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‘Soft Power’: The Show, The Theory, The Inspiration

David Henry Hwang and Jeanine Tesori's New Political Fantasy Draws on Drama from the World Stage

Photo by flickr user dunhilaryu

As the self-described only even nominally Chinese person who’s ever written a Broadway show, Chinese American playwright David Henry Hwang has gone on quite a few meetings with Chinese entertainment producers who want to create a Broadway show of their own. Why are they interested? Two words that also happen to be the title of Hwang and Jeanine Tesori’s new play with a musical, onstage at the Ahmanson Theatre May 3 – June 10, 2018: Soft Power.

China has been making a concerted effort in the last decade to create a more robust entertainment industry as part of a larger initiative to increase its global influence, or, as President Xi Xinping elaborated in 2014, increase China’s soft power, give a good Chinese narrative, and better communicate China’s messages to the world.

The idea of soft power was first coined by renowned political scientist and international relations scholar Joseph S. Nye in his 1990 book Bound to Lead: The Changing Nature of American Power. Nye wanted to distinguish between well-established direct or coercive means that countries use to achieve their interests—dubbed hard power—versus more indirect ways countries work to passively align others’ interests with their own. Soft power is getting others to want the outcome that you want, wrote Nye.

Say you and your coworkers take turns choosing where to grab drinks after work every Friday, and the coworker in charge this week has chosen a place you don’t like. A straightforward use of hard power might be refusing to be the driver if they choose that bar, or offering to pick up the first round if you all go somewhere else. On the other hand, a soft power tactic would be forwarding a write-up about a new bar that just opened, convincing your coworker to change their pick.

Soft power is 'getting others to want the outcome that you want,' wrote Nye.

On an international level, hard power is exercised with economic sanctions, military action, and the like. Soft power is more nuanced. Take Cold War-era broadcaster Radio Free Europe. The station, though funded by the US government, was an independent organization focused on broadcasting uncensored, non-Soviet influenced news to Eastern Bloc countries. The dissemination of Western culture, ideologies, and world news helped build internal pressure within the Soviet Union that eventually led to reforms and the country’s dissolution.

But figuring out when and how soft power is effective, as well as quantifying how much soft power a country can bring to task, can be tricky. Nye elaborated in more recent writings that the basis of a country’s soft power isn’t some measurable metric, but comes from a combination of its political values, foreign policies, and culture, and how others value those resources. Additionally, the use of soft power relies on a good relationship between those involved, requiring not only a receptiveness to act on the target’s part, but also influence and persuasion on the actor’s part. Attraction and persuasion, Nye explained, are socially constructed, making measures of effectiveness inherently subjective.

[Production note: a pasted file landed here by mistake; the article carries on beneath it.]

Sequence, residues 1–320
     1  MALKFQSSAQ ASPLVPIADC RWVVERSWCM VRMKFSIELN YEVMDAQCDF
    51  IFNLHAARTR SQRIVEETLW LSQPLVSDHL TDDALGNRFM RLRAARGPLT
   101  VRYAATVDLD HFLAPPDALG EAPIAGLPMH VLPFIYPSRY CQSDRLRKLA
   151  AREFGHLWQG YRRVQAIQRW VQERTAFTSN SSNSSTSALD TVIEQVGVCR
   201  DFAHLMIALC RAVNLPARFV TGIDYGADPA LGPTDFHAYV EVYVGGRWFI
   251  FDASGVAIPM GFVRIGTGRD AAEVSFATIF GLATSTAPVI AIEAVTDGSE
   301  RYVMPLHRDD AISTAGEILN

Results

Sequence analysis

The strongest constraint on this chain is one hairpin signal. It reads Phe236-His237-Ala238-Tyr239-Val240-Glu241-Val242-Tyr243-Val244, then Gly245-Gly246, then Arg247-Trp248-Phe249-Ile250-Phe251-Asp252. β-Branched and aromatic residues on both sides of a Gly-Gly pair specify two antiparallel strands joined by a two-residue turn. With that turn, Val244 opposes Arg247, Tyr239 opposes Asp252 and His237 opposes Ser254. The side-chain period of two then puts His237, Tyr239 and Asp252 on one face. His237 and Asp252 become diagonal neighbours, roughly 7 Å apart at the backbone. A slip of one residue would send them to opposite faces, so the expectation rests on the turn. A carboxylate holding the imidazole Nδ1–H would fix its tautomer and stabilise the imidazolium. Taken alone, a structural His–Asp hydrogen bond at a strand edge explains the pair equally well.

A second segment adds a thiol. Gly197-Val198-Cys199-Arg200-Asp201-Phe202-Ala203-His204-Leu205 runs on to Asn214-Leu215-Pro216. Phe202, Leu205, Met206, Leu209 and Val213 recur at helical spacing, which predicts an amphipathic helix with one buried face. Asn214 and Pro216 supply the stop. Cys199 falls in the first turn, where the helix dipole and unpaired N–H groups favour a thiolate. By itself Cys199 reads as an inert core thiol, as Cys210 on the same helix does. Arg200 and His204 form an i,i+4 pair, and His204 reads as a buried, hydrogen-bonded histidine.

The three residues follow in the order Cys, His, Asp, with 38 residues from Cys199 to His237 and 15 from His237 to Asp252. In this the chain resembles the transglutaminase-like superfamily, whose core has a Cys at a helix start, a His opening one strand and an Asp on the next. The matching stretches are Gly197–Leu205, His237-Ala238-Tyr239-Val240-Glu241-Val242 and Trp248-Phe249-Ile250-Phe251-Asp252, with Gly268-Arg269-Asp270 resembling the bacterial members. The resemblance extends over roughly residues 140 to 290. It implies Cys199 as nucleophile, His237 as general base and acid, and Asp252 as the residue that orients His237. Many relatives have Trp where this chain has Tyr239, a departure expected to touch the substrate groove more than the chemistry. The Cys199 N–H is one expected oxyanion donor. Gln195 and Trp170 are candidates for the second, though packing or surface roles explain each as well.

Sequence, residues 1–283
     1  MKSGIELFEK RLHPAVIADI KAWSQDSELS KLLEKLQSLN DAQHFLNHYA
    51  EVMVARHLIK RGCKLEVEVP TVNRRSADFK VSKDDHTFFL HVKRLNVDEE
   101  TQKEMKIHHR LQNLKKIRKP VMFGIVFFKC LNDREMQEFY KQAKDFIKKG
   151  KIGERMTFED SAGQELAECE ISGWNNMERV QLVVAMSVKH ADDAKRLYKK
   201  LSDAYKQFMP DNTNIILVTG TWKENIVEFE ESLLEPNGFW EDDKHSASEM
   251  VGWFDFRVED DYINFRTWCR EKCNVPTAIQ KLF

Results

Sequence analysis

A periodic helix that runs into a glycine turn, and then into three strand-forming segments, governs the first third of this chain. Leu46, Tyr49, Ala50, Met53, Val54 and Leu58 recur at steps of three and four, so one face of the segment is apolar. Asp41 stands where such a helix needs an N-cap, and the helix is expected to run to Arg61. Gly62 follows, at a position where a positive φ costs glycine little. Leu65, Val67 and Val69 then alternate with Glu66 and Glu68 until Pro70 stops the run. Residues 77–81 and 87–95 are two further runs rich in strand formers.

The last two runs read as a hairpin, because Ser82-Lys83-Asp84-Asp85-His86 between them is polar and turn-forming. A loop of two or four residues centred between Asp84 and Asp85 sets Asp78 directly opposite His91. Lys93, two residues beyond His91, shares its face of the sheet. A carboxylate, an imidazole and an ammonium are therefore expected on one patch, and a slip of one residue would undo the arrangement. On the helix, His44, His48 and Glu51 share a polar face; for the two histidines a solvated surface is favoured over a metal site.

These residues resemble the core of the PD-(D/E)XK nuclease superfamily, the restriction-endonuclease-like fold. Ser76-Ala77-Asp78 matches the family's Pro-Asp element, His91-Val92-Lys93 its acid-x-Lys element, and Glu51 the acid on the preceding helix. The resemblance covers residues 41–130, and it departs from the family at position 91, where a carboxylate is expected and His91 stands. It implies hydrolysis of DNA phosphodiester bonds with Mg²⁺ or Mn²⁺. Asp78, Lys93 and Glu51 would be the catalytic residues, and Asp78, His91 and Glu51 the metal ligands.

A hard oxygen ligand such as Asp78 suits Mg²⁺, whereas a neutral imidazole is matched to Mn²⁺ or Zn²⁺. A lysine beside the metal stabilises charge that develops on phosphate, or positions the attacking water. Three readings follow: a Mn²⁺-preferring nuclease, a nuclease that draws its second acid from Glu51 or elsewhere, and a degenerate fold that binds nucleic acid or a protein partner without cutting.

Some of the aspects that make soft power difficult to track and measure also make it difficult to wield. Getting results using soft power means relying on the government you’re targeting to make the changes themselves, which can be slow and unreliable. Nye characterized soft power as hard to use, easy to lose, and costly to reestablish.

So considering all of this uncertainty, what makes soft power a desirable tool in world politics? It takes less effort (and often less money) than hard power tactics. And sometimes it can take little to no effort on the part of the government at all. Take for example the 2008 Olympics in Beijing…

In 2007, director Steven Spielberg sent an open letter to Chinese President Hu Jintao urging him to take action in the regional conflict engulfing the Darfur region of Sudan. China, one of Sudan’s strongest allies, had yet to take any significant political action toward mitigating the conflict. But after Spielberg—who had been brought in as a creative consultant on the opening and closing ceremonies of the Beijing Olympics—publicized his letter, China sent a high-level diplomat to Sudan to advocate bringing in United Nations peacekeepers.

Soft Power reminds us that America’s influence is inspirational, not confrontational.

Steven Spielberg wasn’t ordered by any governmental agent or organization to take action; he was just a private citizen expressing his interests. But within the frame of soft power politics, he is a de-facto ambassador of US culture; his movies have been watched by generations around the world. As a result he was able to incite action from China, action in line with US foreign diplomatic goals that official channels weren’t able to produce. These results, Nye noted, were the soft power fruits of labor of US policy.

Now, 10 years later, US approval ratings in international polls have dropped as China’s have risen, putting the two countries on par—which some scholars have interpreted as evidence of our decreased soft power. Still, Nye tempered their more dire outlooks by highlighting the separation of many soft power resources, such as our culture and non-governmental organizations, from the government itself.

But what if Nye is wrong? Hwang and Tesori look back on the legacy of the recent US political upheavals and a subsequent shift in the global balance of power from a Chinese perspective 100 years in the future. Soft Power reminds us that America’s influence is inspirational, not confrontational—that, when it comes to politics, the best won battles are the ones you don't have to fight.

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